Gym fixes it for Avril to be a champ again
Emma LeeShe's only 32 years old, but Avril Soards is considered a veteran gymnast. A former scientist, having swapped her lab coat for a leotard, she tells EMMA LEE why it's never too late to go for gold.Emma Lee
She's only 32 years old, but Avril Soards is considered a veteran gymnast. A former scientist, having swapped her lab coat for a leotard, she tells EMMA LEE why it's never too late to go for gold.
It was a tough decision for Avril Soards to make. Focus on her academic studies or concentrate on gymnastics. She went for the former - and while she went on to study for a PhD at Cambridge University, she missed the bars, floor, beam and vault.
But, proving that it's never too late to go for gold, the 32-year-old from Gorleston has just come out on top in the British Gymnastics Veteran Championships.
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Not only did she win the 30-40 age group, but she also beat everybody over the age of 19 by a whole mark.
As you can imagine, it was a moment of great pride, both for Avril and her family - despite one of her routines having a bit of an ungraceful ending.
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'I landed on my bum,' she laughs. 'I lost concentration at the end, when you think you've finished. Luckily it didn't matter.
'I went to the championships last year for the first time and came second,' she continues. 'I was beaten on an age advantage, which was really frustrating. That's why I had to go back and win it this year.
'My dad came to watch me. He hadn't watched me for about 17 years and it was so great to run over and see him when I came down off the podium. He reckons that I'm better now then when I was a kid.'
Avril started going to gymnastics when she was four years old - as a way to channel her energy.
'My mum and dad used to run a hotel, and I always used to be tumbling about while the guests were eating dinner and they needed to put me somewhere! It came really naturally,' she says.
With the perfect physique for gymnastics - she's small and strong - Avril started taking part in competitions. But when she reached her mid teens, she was torn between school and sport.
'You had to be very committed to what you were doing,' Avril says. 'I couldn't go to the parties. But all I really wanted to do was gymnastics anyway. Then the gym where I trained in Norwich burned down and that made the decision for me. Even if you get to the Olympics, it won't get you a career, so I concentrated on the academic stuff.'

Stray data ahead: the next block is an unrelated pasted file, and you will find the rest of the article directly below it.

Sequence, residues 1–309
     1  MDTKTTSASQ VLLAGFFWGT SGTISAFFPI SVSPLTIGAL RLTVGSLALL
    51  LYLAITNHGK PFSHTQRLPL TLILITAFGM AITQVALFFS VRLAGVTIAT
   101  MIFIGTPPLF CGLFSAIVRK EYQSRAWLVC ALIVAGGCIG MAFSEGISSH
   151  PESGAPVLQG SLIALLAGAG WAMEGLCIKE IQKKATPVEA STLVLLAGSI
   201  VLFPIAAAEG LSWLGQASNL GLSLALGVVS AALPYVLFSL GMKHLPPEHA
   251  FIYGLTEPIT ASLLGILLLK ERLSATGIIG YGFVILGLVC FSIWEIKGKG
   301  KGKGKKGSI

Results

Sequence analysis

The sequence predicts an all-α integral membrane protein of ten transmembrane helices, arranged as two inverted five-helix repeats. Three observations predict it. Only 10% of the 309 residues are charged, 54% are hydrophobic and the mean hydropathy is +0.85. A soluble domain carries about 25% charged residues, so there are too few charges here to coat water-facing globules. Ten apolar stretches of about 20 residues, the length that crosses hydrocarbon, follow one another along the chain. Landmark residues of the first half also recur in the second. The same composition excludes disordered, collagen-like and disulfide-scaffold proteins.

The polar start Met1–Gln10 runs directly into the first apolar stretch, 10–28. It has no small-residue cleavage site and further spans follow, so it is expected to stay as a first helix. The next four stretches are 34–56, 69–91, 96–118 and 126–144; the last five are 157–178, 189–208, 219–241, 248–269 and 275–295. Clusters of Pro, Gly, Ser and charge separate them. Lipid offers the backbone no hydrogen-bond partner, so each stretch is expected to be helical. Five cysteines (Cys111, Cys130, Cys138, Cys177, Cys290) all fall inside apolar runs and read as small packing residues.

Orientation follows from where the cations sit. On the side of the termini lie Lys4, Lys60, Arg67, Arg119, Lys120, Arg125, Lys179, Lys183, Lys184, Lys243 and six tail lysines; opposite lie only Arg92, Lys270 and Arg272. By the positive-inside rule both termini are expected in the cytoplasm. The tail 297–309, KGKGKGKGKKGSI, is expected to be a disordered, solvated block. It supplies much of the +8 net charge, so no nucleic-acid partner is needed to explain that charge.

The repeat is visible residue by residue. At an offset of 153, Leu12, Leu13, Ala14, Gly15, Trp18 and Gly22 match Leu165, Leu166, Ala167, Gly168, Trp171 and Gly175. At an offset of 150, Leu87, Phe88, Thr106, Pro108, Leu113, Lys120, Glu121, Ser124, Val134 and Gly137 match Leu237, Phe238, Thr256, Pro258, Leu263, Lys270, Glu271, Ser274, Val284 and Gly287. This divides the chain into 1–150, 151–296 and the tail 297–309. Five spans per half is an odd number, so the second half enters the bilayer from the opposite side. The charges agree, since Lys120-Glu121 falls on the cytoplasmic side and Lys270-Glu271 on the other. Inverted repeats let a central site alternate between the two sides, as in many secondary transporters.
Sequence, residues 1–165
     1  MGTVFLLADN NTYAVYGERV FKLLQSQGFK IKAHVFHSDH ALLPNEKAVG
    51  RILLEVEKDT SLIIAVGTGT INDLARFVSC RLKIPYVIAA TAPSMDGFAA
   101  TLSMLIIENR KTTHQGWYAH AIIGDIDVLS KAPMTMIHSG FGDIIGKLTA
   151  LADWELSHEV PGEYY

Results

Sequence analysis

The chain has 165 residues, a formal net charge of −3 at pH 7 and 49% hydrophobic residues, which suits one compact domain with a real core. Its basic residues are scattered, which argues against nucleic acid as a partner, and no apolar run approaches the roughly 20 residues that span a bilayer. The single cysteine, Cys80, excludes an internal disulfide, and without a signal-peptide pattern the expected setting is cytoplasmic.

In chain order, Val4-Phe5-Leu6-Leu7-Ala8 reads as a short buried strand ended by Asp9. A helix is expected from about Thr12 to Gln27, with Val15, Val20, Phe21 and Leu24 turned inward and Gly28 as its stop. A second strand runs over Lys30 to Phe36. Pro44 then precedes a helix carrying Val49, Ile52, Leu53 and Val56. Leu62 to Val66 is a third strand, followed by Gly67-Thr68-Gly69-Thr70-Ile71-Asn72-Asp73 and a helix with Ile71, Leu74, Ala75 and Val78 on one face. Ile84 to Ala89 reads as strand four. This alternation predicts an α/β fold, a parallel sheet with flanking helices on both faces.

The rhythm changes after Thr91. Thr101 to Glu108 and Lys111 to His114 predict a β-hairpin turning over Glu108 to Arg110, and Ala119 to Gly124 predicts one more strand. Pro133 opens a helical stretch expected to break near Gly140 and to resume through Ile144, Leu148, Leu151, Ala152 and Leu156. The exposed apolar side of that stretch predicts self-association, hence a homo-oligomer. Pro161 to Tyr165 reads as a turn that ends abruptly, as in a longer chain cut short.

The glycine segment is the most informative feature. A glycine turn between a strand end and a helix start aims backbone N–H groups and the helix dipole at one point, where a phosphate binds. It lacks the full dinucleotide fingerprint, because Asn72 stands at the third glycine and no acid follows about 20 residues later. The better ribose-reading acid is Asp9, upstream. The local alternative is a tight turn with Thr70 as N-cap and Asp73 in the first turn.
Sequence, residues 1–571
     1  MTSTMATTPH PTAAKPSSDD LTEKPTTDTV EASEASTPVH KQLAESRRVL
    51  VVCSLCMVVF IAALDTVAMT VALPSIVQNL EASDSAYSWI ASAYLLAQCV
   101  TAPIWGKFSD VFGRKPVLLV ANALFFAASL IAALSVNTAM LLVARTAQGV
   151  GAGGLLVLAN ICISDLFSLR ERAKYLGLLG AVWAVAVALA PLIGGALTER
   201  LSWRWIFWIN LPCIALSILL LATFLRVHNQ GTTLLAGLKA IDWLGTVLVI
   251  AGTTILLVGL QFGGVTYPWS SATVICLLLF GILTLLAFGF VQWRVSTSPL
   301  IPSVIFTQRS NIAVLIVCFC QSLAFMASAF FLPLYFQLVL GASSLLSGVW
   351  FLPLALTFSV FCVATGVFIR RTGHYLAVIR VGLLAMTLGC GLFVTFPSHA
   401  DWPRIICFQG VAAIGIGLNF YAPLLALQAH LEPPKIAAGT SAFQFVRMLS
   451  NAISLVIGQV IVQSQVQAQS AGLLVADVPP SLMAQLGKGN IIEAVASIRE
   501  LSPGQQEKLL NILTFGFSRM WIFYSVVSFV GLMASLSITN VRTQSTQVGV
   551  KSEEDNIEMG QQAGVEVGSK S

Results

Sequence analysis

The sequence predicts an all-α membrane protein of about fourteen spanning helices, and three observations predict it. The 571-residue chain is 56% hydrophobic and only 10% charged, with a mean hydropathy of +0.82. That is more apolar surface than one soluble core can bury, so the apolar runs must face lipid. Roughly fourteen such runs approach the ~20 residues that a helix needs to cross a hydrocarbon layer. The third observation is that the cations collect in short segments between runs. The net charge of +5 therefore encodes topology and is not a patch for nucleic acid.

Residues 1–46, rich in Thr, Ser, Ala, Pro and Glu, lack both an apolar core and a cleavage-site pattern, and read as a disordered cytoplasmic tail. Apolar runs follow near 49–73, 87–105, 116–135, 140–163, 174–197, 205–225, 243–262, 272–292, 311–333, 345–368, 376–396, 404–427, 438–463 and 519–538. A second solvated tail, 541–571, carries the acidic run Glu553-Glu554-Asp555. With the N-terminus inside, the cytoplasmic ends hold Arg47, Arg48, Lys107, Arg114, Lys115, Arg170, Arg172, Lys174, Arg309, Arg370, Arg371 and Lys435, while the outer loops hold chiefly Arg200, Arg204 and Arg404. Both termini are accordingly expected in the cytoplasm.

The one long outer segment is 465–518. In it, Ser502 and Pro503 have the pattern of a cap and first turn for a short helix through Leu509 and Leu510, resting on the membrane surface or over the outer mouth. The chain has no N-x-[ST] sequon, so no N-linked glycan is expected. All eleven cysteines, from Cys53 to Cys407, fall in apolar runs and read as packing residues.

But giving up gymnastics left a void in her life.
'I just really missed it,' she says. 'It's part of me and when I didn't do it I didn't feel like myself. I was training five nights a week and when I stopped there was this big gap.'
And eight years ago, while working on her PhD at Cambridge, Avril took up gymnastics again.
She then got a job working in a lab at the John Innes Centre in Norwich. But while her career was going from strength to strength - she was working for a world-leading research facility - she couldn't help feeling that she'd ended up in a different place to where she wanted to be.
'I was travelling down the east coast of Australia with three blokes in a camper van. One was going to be a medic and another a paramedic and they really loved what they were doing. That's when I made the decision to quit my job.
'I went back to UEA to study physiotherapy. It was hard giving up a job like that and being a student again, but I'm really glad I've done it. I've just finished my last placement at Northgate Hospital in Yarmouth and my idea is that I want to do physiotherapy with the British gymnastics team. I'm going to send in my CV as soon as I qualify, but I need a few years more experience.'
As you might have gathered, Avril finds it impossible to sit still for long.
'I'm competitive at everything,' she admits. 'You've got to want to win it, otherwise you're not going to train enough to be better,' she says.
As well as studying and training (she's a member of Waveney Gymnastics Club at Lowestoft) she does physio for local football clubs at weekends.
She's also done stunt work on films and appears on the extras real of the DVD of Love, Actually.
'Because I'm very small I can double for children. It was good - it's not as glamorous as you'd think. But it's an interesting thing to have done,' she says of her experience.
She also enjoys climbing, stilt walking (you might have caught a glimpse of her in this year's Lord Mayor's Procession in Norwich) and rollerblading on Gorleston seafront.
'They're all things I think I should be growing out of, but I'm still enjoying it so I don't see why I should. But if I'm still wearing a leotard when I'm 60, I should be shot,' she laughs.